Talent runs in the family
Brothers make potent 1-2 rush for Weymouth
Dylan Colarusso doesn’t need to look far to find motivation; his biggest competition just happens to live in the same house.
The 5-foot, 11-inch, 212-pound Colarusso is the go-to back for Weymouth High after rushing for 11 touchdowns last season.
Yet for all his success, the senior captain knows that his little brother — Austin or “Ozzy,’’ a 5-11, 165-pound sophomore — is a very capable player, too.
“They’re like thunder and lightning,’’ said Weymouth head coach Kevin Mackin in describing the Colarusso brothers. “Dylan is a man; he is a powerhouse kid. He may be the strongest kid in the entire school, never mind pound-for-pound.
“Ozzy is the guy that can come in and gash you,’’ he said. “If he makes you miss, he’s gone. He’s more of a slasher.’’
“They’re very competitive with each other,’’ Mackin said. “Most players are, but it’s more special when they’re brothers. They’re certainly pulling for each other, but they’re pushing each other to do better also.’’
And together, they have helped push the Wildcats to a 3-0 start.
■In a 33-7 win over Norwood in Week 1, Dylan ran for 112 yards and two touchdowns and Ozzy added a 1-yard TD plunge.
■The following week, Ozzy stole the show, scoring three touchdowns: one via a 65-yard punt return, another on a 30-yard run, and the third on a 52-yard interception return, while Dylan scored twice, in a 48-21 win over Framingham.
■Last Friday night, Dylan was dazzling, rushing for 252 yards and three touchdowns while Ozzy scored once in the Wildcats’ 41-14 win over Milton.
“We try to one-up each other,’’ said the 15-year-old Ozzy, who has also picked off four passes as a cornerback on defense. “I like challenging him because it makes us better.’’
“I think it’s easier for us to play harder because we’re pushing each other,’’ said the 17-year-old Dylan, who also starts at linebacker for the Wildcats.
“We have that competitive nature based on the other one’s performance. He’s more than just a teammate.’’
The brothers’ contributions have been a major reason Weymouth is 3-0. The two have combined for 12 touchdowns (Dylan has seven, Ozzy has five), though the elder brother said stats don’t matter.
“If I drive the ball down the field and Oz gets the touchdown I could care less, as long as we get the six points on the board,’’ said Dylan. “The touchdown race or whatever you want to call it means nothing to me; I just want to keep getting those W’s.’’
Because they are two years apart, the two spent most of their youth playing on different teams, at different age levels.
This past spring, the two were finally able to play together, on the Weymouth varsity baseball squad. Dylan is an outfielder and Ozzy is a shortstop-pitcher. The pair also wrestled in their own weight divisions growing up.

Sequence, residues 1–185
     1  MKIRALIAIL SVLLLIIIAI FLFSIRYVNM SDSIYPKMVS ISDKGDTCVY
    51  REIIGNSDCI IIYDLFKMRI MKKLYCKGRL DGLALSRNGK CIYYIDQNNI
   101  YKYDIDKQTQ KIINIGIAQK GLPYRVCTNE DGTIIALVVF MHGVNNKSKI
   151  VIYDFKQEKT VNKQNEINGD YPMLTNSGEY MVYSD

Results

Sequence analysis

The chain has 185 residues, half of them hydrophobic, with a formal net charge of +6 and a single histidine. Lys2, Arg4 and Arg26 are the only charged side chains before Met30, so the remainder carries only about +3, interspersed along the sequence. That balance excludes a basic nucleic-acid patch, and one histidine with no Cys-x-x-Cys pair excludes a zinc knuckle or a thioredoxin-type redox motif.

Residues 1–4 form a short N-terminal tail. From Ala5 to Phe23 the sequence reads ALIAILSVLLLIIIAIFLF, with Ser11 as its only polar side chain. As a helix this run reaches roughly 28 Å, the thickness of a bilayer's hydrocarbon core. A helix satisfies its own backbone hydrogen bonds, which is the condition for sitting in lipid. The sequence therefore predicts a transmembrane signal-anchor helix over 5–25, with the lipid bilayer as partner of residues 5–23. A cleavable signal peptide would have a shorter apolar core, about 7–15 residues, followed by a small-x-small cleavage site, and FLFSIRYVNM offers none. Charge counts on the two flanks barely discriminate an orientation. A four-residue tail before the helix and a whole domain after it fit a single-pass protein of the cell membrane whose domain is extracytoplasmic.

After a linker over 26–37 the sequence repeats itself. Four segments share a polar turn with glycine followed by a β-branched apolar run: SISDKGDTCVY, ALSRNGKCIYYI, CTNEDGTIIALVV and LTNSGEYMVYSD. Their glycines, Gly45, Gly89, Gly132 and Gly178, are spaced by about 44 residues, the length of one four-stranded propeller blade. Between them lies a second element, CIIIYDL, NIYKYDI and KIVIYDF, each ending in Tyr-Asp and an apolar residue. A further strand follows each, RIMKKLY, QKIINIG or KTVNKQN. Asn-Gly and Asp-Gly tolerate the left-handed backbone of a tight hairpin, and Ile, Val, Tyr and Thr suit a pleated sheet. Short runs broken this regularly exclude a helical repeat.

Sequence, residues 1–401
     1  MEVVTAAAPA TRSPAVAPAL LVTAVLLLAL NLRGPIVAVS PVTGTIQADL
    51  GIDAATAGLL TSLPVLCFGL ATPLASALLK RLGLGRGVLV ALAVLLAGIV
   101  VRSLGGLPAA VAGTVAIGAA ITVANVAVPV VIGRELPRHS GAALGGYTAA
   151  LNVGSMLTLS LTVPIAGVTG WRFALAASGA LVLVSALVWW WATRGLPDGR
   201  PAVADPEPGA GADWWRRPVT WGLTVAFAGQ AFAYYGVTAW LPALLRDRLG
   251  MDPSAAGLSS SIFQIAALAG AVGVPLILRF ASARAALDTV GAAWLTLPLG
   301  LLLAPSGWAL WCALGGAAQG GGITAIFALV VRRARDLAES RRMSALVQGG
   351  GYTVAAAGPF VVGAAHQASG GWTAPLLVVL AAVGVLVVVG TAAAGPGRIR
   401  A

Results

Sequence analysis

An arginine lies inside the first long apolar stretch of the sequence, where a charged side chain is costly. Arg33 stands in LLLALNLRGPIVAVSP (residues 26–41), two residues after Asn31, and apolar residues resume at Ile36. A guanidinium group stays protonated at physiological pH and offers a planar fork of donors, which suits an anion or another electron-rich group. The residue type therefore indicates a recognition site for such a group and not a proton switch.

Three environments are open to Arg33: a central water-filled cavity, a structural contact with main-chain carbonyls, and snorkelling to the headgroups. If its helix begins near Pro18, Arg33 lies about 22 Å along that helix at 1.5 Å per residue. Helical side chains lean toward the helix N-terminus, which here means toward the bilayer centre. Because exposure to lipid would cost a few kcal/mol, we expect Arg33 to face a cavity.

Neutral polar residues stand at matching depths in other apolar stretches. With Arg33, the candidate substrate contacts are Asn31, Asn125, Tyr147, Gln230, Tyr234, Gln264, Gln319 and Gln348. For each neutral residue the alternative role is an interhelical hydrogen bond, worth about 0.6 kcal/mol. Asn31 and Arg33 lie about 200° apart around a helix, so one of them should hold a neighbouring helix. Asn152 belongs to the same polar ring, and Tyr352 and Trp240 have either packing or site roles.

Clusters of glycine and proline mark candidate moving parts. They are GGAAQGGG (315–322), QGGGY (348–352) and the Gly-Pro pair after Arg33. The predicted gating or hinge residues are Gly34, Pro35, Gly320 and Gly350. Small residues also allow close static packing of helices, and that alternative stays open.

Their mother, Pam, said that it has been enjoyable, and a relief, to finally have the two united on the same team.
“I remember the long days of Pop Warner football,’’ she said. “Watching one game, staying after for the next one. It’s great being able to watch them play together. I couldn’t be more proud of them.’’
The Colarussos would each like to play at the next level: Dylan said he has looked at Westfield State and Springfield College as possible destinations to play football next year. Ozzy is a few years away from college but believes he has a good chance to play baseball, though he is open to playing football as well.
For now, the siblings are determined to lead Weymouth to a Bay State Conference Carey title, and the accompanying playoff berth. Dylan admitted he is already anticipating the Thanksgiving Day matchup against Bay State power Walpole, a game that could very well determine the Wildcats’ playoff fate. It will also be his 18th birthday.
“It’s going to be a big day, here at home,’’ Dylan said. “Hopefully we can come out with the win and we’ll still be playing the next week.’’
The Green Wave knocked off Bishop Feehan, 20-12, Friday night to present the 37-year head coach, an Abington alum, No. 200. He is the 40th football coach in state history to reach 200 victories.
“My coaching staff has been great,’’ Kelliher told the Globe after the win. “We have now been together for a long time and know each other pretty well. The kids respect them a lot, and the kids react to them, which is one of the more important things.”
With the Hawks’ 23-20 win, Xaverian now leads the all-time series, 14-13, and has won 13 of the last 20 meetings.
It is the first time since 1968 that Xaverian has led the series, the same year head coach Charlie Stevenson was a senior at the school.
Patrick McHugh can be reached at firstname.lastname@example.org.